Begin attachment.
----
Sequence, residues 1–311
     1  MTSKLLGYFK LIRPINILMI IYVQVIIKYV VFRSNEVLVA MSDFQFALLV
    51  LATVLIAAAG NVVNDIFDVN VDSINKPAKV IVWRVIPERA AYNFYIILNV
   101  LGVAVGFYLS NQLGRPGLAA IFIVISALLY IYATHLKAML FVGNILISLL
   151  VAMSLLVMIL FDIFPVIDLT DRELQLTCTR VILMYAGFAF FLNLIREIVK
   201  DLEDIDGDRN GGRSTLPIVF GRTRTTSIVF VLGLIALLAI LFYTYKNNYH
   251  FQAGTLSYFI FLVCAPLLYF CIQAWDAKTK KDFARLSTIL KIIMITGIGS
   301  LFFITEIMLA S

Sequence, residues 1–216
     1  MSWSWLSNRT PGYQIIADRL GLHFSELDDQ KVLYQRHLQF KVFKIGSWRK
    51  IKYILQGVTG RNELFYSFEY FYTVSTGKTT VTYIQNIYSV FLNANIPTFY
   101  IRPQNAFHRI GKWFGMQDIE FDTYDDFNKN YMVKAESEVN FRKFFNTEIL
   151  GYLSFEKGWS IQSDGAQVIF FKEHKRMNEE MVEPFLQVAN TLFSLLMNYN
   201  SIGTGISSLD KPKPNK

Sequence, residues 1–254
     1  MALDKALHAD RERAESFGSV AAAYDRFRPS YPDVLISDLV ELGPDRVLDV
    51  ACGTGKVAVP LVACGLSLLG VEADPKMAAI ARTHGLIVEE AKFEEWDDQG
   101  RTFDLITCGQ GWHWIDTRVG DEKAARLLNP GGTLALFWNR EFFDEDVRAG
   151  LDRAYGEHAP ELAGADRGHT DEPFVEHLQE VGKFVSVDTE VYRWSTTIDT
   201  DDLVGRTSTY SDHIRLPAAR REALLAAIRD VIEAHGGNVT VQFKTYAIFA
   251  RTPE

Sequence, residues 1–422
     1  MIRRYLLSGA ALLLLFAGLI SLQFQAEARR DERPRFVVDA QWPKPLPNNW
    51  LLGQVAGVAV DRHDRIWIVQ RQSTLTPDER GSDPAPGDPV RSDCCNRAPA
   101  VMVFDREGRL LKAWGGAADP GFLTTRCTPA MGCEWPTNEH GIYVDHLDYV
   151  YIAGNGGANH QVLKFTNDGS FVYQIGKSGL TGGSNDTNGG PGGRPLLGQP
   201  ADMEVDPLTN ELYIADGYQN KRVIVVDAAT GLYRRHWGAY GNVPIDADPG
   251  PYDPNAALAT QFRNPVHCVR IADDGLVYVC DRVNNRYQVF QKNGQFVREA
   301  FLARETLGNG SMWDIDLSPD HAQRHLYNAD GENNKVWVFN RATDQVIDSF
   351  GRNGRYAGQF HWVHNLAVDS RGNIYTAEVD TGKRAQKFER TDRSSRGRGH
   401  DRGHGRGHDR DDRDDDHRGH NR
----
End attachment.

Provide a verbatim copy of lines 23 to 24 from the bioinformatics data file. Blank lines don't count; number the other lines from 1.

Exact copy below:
     1  MIRRYLLSGA ALLLLFAGLI SLQFQAEARR DERPRFVVDA QWPKPLPNNW
    51  LLGQVAGVAV DRHDRIWIVQ RQSTLTPDER GSDPAPGDPV RSDCCNRAPA